Education helps her face odds with resilience

Education helps her face odds with resilience

Mahalakshmi (name changed) was just seventeen when she got married immediately after completing her Intermediate education.

Mahalakshmi (name changed) was just seventeen when she got married immediately after completing her Intermediate education. She got married to Rajaiah, a small farmer who owned four acres of land. However, even after marriage she continued her studies and completed her post-graduation with no support from either her husband, or her mother-in-law.

Braving all odds, she broke the age-old practice of a farmer’s wife confining herself to the four walls of the house. She was working as a private teacher with a meagre salary which could only offer some support to run the house. In the meanwhile, the couple’s had a girl and a boy.

Life was not easy all along. As her in-laws’ family was very conservative, none of the members had interest either in encouraging her in professional endeavours or valuing her personal freedom. Petty disagreements with her mother-in-law spiralled into a cold war between the two, sometimes taking ugly turns. Like all mamas’ boys, her husband too, obliged to his mother.

It had become difficult to run the family entirely on the income generated out of agriculture during a period of successive years of drought. Survival was difficult for the family. So, she kept convincing Rajaiah that they could move to a nearby town, where she could continue with her work and he could also use his talent to find a job of his choice and continue farming as well.

Her husband did not want to leave his mother or his land. He continued to suffer the agonising losses in agriculture year after year, while his three brothers had migrated to nearby towns and had prospered, establishing themselves in other businesses.

And then came the harsh summer which changed Mahalakshmi’s life forever. Like a final nail on the coffin, the drought hit the farmers in Telangana very hard, driving many of them over the edge. And in a star-crossed night, Rajaiah, depressed over the drought, committed suicide by hanging.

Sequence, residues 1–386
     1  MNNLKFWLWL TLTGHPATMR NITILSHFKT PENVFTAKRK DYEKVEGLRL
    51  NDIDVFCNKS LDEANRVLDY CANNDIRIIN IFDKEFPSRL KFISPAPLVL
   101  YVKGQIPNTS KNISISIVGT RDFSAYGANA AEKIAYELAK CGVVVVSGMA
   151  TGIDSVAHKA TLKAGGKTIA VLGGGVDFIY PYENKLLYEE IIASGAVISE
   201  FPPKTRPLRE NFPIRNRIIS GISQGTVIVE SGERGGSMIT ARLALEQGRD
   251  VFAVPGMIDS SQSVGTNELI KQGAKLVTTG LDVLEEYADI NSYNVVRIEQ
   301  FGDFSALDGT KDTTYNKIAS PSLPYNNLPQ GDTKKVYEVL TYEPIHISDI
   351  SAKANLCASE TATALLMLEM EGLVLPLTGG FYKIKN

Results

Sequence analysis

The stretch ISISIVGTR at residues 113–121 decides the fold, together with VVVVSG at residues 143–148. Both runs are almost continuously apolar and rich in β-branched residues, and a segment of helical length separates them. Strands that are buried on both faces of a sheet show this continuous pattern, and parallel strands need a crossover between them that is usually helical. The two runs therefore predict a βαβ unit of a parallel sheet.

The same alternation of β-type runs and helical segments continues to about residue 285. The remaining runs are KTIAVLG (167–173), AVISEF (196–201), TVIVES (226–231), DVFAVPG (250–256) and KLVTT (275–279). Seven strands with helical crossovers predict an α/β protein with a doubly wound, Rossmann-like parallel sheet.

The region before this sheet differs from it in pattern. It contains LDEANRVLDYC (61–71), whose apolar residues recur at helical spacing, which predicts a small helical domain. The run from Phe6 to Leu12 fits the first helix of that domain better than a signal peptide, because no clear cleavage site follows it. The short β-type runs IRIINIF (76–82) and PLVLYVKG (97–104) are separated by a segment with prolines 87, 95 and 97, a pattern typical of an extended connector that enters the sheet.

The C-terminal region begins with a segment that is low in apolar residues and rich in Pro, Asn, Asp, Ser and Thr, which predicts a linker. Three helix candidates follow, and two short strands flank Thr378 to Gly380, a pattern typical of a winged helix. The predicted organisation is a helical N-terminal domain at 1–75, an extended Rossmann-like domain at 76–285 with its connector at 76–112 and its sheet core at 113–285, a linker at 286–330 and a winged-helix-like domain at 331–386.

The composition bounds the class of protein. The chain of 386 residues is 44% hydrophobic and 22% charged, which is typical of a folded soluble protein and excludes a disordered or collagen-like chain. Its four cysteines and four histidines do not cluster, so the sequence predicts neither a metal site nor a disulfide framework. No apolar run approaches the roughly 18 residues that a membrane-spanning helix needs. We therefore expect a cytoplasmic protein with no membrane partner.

An inferiority complex arising out of dependence on his wife and a feeling of failure in his life as he compared himself with his prosperous brothers had fuelled him to take the extreme step, putting the fate of his little ones in darkness.

As if Mahalakshmi’s daily ‘saas-bahu soap’ was not enough to make her life hell, the sudden loss of her husband made her look more like a culprit than a victim. People also went to the extent of assassinating her character. Her in-laws stopped supporting her financially, but she is still with them - not because she loves living there with all the painful memories, but because she has to abide by the social norms.

For an independent working woman, who broke-free from the age-old beliefs; being condemned every single day of her life for not doing enough to prevent her husband from dying has not been easy. A victim has now become an accused who is being tried in the open courts of a merciless society. Not a single revenue official has visited the family after Rajaiah died.

Their superficial enquiry probably revealed how ruptured the family was before he died, giving them an excuse for not looking at the case like a farmer’s suicide due to losses in agriculture. It has been 14 months since Rajaiah died. No help came from any direction for Mahalakshmi and her children by either the authorities or her relatives.

In short, she has been isolated by everyone. Despite the entire social stigma attached to widows like her, she still stands strong, knowing that she has to deal with it for the rest of her life which she has to live raising her children to grow up to become good citizens. Compensation or no compensation, Mahalakshmi sees a better future because there is one thing she never compromised upon and that is ‘education.’ But how many confident widows like her do we see in rural Telangana today?

“The problem is with the preconceived viewpoint society has towards women as a weaker section of the society, whether they are educated or not. Even in Mahalakshmi’s case, though she probably has been strong throughout her life, she was viewed as weak when she was in her Intermediate and was married off. This continued even after her marriage while she was pursuing her higher education and has been stalking her even after the death of her husband,” said Padma, a representative of Rythu Swarajya Vedika (RSV).

“Just think, if her husband had considered her as a strong supporter in his life, why would he commit suicide? Keeping the blame-game aside, if Mahalakshmi’s children are left to stay with their grandparents, wouldn’t they develop the same perceptions of their grandparents about their mother?” she asked.

“Even government officials need to come out of the preconceptions and start accepting the reality in the society. Whether a suicide happens due to a family problem or anything else, one can easily figure out that financial troubles lead to all other problems. If they continue to live in a denial mode, how can the issue be addressed from its foundations?” she wondered.

By Vivek Bhoomi

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